In the period 1925 to 1945, significant sections of Sweden’s financial and intellectual elites were attracted to German Nazism, and Sweden’s policy of official neutrality during World War II also meant that Nazism in Sweden was never as discredited and associated with national treason as it was in Norway. In contradistinction, Norway was occupied by German Nazi forces for five years during World War II, and the Nazi collaborationist regime of Vidkun Quisling (1940-45) entered international language as a byword for treason. However, the contemporary Norwegians who proclaim neo-Nazism and right-wing extremism are ‘Swedish imports’ are deluding themselves as much as the syndicated white Norwegian media commentators who regularly proclaim racism and discrimination to be negligible phenomena in Norway. Norway last had a serious problem with violent neo-Nazis in the 1990s, when the militant neo-Nazi group Boot Boys attracted hundreds of marginalized and disgruntled white males in and around the capital of Oslo. The appeal of Boot Boys only subsided in the aftermath of three young white Norwegians knifing a random fifteen-year old Norwegian-African boy named Benjamin Hermansen at Holmlia in Oslo East in 2001, which led to a concerted effort by Norwegian police and civil society to stamp out violent right-wing extremism.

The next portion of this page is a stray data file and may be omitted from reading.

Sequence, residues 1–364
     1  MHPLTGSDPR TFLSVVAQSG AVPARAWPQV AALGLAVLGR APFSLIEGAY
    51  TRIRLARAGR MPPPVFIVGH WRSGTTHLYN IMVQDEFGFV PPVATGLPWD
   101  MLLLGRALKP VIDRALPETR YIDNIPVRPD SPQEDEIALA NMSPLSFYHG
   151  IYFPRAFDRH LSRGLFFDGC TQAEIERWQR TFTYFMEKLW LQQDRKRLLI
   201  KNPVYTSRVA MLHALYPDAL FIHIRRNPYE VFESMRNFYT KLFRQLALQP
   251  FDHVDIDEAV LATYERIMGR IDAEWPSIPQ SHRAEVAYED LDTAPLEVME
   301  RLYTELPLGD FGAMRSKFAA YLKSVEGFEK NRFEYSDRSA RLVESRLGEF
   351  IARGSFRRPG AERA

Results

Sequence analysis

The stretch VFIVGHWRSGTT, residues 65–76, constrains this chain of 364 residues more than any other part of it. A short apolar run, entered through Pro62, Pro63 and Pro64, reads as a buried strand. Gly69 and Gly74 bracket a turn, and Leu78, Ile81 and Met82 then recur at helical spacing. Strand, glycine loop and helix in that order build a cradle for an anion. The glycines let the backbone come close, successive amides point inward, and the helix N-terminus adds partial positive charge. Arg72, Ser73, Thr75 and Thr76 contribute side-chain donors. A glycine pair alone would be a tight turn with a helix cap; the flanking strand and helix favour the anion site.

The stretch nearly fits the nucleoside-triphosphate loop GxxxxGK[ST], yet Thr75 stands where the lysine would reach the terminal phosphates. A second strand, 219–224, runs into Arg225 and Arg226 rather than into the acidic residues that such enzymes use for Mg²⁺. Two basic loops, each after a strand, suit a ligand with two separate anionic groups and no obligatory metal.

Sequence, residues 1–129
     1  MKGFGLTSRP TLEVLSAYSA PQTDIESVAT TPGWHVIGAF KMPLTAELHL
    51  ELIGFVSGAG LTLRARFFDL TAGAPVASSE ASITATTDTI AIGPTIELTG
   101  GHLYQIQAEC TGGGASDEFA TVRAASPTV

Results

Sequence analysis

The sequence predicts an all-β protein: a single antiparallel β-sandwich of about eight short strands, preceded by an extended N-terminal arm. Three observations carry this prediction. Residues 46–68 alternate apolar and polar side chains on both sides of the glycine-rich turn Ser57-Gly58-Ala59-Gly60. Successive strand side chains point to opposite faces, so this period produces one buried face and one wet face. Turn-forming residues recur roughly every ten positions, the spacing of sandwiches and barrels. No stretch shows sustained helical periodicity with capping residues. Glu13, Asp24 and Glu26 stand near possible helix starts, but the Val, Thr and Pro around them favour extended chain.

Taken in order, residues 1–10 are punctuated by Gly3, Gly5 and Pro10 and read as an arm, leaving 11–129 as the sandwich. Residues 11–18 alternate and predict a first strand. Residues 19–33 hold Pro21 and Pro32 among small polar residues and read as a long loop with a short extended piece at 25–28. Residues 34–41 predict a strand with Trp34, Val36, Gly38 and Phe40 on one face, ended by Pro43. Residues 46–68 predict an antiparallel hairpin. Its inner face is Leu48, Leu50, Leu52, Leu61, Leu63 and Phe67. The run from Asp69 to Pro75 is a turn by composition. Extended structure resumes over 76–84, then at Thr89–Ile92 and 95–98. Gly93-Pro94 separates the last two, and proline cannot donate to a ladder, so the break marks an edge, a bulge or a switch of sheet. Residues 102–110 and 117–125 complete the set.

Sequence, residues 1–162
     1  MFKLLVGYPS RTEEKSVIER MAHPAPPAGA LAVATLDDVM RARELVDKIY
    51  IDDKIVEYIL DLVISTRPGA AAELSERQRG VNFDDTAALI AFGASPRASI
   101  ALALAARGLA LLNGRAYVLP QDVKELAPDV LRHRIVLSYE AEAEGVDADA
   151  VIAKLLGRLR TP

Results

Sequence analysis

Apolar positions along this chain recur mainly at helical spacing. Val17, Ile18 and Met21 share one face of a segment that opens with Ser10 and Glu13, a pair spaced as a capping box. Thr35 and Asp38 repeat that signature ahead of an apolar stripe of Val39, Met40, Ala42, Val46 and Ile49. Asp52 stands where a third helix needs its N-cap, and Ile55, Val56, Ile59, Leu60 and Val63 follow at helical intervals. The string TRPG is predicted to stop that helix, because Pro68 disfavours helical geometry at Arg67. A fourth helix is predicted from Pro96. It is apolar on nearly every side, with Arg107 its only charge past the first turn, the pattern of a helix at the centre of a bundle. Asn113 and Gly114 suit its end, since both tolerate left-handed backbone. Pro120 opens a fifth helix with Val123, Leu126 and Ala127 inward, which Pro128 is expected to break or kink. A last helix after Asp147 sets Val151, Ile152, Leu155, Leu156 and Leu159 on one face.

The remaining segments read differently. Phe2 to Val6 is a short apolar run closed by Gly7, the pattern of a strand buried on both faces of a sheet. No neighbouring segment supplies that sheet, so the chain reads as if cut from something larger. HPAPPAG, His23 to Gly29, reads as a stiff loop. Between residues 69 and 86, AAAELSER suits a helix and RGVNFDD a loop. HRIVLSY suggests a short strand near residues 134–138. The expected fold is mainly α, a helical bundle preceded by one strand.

Nor can one forget that it was a Norwegian, Anders Behring Breivik, (for ten years an active member of the Norwegian Progress Party which has been in government in Norway since 2013), who perpetrated the worst terror in the violent annals of Scandinavian right-wing extremism back in 2011. The past four years in Norway have given the lie to those Norwegian political analysts who, without any supporting research evidence, have proclaimed that a populist right-wing party in power acts as a brake on the rise of right-wing extremism by providing a democratic channeling of far-right hate and resentment of immigrants in general and Muslims in particular.